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can have no ground of complaint against us."

Lady Arabella had hardly expected that the doctor would reply to her
mild and conciliatory exordium with so much sternness. He had yielded
so easily to her on the former occasion. She did not comprehend that
when she uttered her sentence of exile against Mary, she had given
an order which she had the power of enforcing; but that obedience to
that order had now placed Mary altogether beyond her jurisdiction.
She was, therefore, a little surprised, and for a few moments
overawed by the doctor's manner; but she soon recovered herself,
remembering, doubtless, that fortune favours none but the brave.

"I make no complaint, Dr Thorne," she said, after assuming a tone
more befitting a de Courcy than that hitherto used, "I make no
complaint either as regards you or Mary."

"You are very kind, Lady Arabella."

"But I think that it is my duty to put a stop, a peremptory stop to
anything like a love affair between my son and your niece."

"I have not the least objection in life. If there is such a love
affair, put a stop to it - that is, if you have the power."

Here the doctor was doubtless imprudent. But he had begun to think
that he had yielded sufficiently to the lady; and he had begun to
resolve, also, that though it would not become him to encourage even
the idea of such a marriage, he would make Lady Arabella understand
that he thought his niece quite good enough for her son, and that
the match, if regarded as imprudent, was to be regarded as equally
imprudent on both sides. He would not suffer that Mary and her heart
and feelings and interest should be altogether postponed to those
of the young heir; and, perhaps, he was unconsciously encouraged in
this determination by the reflection that Mary herself might perhaps
become a young heiress.

"It is my duty," said Lady Arabella, repeating her words with even a
stronger de Courcy intonation; "and your duty also, Dr Thorne."

"My duty!" said he, rising from his chair and leaning on the table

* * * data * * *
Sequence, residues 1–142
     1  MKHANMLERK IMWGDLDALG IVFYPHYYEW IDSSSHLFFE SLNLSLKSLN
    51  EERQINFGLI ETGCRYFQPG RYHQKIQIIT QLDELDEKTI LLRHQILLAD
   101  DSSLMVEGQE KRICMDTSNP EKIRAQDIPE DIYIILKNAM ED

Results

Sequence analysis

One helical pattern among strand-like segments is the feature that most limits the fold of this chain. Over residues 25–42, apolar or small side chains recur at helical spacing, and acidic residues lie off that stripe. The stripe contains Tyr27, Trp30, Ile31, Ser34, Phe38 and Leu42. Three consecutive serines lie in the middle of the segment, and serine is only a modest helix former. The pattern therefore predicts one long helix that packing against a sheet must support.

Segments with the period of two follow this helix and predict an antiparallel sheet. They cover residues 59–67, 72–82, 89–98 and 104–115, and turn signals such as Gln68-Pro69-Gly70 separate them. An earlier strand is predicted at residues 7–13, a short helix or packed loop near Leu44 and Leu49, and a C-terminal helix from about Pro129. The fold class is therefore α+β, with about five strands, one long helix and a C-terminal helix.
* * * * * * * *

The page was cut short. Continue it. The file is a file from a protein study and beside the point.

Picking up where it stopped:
with the two thigh-bones. "Lady Arabella, pray understand at once,
that I repudiate any such duty, and will have nothing whatever to do
with it."

"But you do not mean to say that you will encourage this unfortunate
boy to marry your niece?"

"The unfortunate boy, Lady Arabella - whom, by the by, I regard as
a very fortunate young man - is your son, not mine. I shall take no
steps about his marriage, either one way or the other."

"You think it right, then, that your niece should throw herself in
his way?"

"Throw herself in his way! What would you say if I came up to
Greshamsbury, and spoke to you of your daughters in such language?
What would my dear friend Mr Gresham say, if some neighbour's wife
should come and so speak to him? I will tell you what he would say:
he would quietly beg her to go back to her own home and meddle only
with her own matters."

This was dreadful to Lady Arabella. Even Dr Thorne had never before
dared thus to lower her to the level of common humanity, and liken
her to any other wife in the country-side. Moreover, she was not
quite sure whether he, the parish doctor, was not desiring her, the
earl's daughter, to go home and mind her own business. On this first
point, however, there seemed to be no room for doubt, of which she
gave herself the benefit.

"It would not become me to argue with you, Dr Thorne," she said.

"Not at least on this subject," said he.

"I can only repeat that I mean nothing offensive to our dear Mary;
for whom, I think I may say, I have always shown almost a mother's

"Neither am I, nor is Mary, ungrateful for the kindness she has
received at Greshamsbury."

"But I must do my duty: my own children must be my first

"Of course they must, Lady Arabella; that's of course."

"And, therefore, I have called on you to say that I think it is
imprudent that Beatrice and Mary should be so much together."

The doctor had been standing during the latter part of this
conversation, but now he began to walk about, still holding the two
bones like a pair of dumb-bells.

"God bless my soul!" he said; "God bless my soul! Why, Lady Arabella,
do you suspect your own daughter as well as your own son? Do you
think that Beatrice is assisting Mary in preparing this wicked
clandestine marriage? I tell you fairly, Lady Arabella, the present
tone of your mind is such that I cannot understand it."

"I suspect nobody, Dr Thorne; but young people will be young."

"And old people must be old, I suppose; the more's the pity. Lady
Arabella, Mary is the same to me as my own daughter, and owes me the
obedience of a child; but as I do not disapprove of your daughter
Beatrice as an acquaintance for her, but rather, on the other hand,
regard with pleasure their friendship, you cannot expect that I
should take any steps to put an end to it."

"But suppose it should lead to renewed intercourse between Frank and